CLEARFIELD -- Imagine trying to keep five computers safe from corruption as hackers attempt to infiltrate the network and steal files.
For the Air Force JROTC team from Clearfield High School, that scenario is more than just a fantasy. That is what seven Clearfield students will face, during the finals of the CyberPatriot IV competition later this month in Washington, D.C.
"It's kind of a nerd game, but it's really fun," said 18-year-old Braxton Allen, a senior at CHS.
For the third straight year, the team from Clearfield will be heading to the Gaylord National Hotel & Convention Center at National Harbor, across the Potomac River from Washington, D.C., for the finals of the national competition. The team finished first in 2010 but dropped to third a year ago.
"We want to reclaim our first-place status," Allen said.
But the game is more than just a way for the students to spend their time playing on a computer.
As the nation's largest and fastest-growing high school cyber defense competition, CyberPatriot gets young people interested in the science, technology, engineering and mathematics disciplines as well as cyber security.
"The scenario is very true to things they'll be seeing in the field," said David Boswell, the team's coach. "You need security to function in the real world."
Boswell works at SabiOso, a technology consulting organization, and brings the real-world experience to the students.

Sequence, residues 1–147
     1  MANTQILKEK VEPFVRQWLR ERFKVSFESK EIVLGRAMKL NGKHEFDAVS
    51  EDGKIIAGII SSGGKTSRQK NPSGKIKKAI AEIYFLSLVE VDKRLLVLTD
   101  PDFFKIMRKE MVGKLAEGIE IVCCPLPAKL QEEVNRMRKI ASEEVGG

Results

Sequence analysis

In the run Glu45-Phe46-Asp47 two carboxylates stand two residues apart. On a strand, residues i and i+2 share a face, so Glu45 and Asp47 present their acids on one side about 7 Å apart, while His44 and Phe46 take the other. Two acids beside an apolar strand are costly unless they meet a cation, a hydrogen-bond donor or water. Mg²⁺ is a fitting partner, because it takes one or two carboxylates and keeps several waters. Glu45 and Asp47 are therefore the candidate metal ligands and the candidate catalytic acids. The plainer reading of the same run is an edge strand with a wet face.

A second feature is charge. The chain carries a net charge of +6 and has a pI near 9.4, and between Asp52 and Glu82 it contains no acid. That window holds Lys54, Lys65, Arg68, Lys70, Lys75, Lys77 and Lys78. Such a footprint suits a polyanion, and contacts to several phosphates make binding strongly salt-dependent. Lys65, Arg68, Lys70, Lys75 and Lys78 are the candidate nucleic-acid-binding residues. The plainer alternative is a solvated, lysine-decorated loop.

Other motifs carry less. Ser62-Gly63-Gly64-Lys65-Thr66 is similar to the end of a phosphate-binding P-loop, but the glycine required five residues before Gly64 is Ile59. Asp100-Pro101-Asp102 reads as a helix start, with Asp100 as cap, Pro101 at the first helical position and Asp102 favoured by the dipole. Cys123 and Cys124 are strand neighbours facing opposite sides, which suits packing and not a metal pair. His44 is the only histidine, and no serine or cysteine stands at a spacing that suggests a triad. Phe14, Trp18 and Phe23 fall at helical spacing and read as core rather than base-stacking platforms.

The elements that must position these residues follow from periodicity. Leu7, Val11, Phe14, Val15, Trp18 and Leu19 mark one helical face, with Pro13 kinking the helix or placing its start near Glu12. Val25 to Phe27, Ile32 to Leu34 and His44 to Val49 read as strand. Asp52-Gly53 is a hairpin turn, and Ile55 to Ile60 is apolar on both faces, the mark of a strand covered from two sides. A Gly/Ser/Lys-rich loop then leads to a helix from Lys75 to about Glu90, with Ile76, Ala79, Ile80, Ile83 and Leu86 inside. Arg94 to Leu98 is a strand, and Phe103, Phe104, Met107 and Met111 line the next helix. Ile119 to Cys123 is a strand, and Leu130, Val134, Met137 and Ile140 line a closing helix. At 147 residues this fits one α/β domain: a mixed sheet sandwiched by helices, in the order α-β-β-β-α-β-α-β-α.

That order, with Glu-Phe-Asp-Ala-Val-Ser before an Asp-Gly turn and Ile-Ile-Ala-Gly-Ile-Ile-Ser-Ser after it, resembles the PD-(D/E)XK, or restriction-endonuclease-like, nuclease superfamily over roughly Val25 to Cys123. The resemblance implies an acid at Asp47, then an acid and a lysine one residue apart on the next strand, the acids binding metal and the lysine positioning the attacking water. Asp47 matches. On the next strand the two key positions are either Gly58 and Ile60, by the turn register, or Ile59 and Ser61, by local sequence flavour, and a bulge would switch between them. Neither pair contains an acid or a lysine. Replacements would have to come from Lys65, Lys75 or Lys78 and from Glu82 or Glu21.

In order to succeed, everyone needs to work well together.
"You have to tell each other the vulnerabilities that need to be fixed," said Daniel Hargrave, 17, a junior.
Along with Allen, the team has two more seniors in Hunter Poe, 18, and Eric Takacs, 18. Hargrave and Preston Boss, 17, are the returning juniors while junior Lindsay Newman, 17, and sophomore John Maxfield, 15, are in their first year on the team.
"I always had an interest in this kind of competition," Maxfield said. "I heard about this, so I decided to join."
Returning students say that with the new additions, this is the best team they've had during the three-year span.
"The first year, we were not too technical of a group, but everyone knew their roles, and they played the part," said Kit Workman, a retired Air Force major and the school's ROTC instructor. "The last two years, we've had really smart kids, but the challenge has been to work as a team."
If they can meet that challenge, the team will once again return home with the first-place trophy.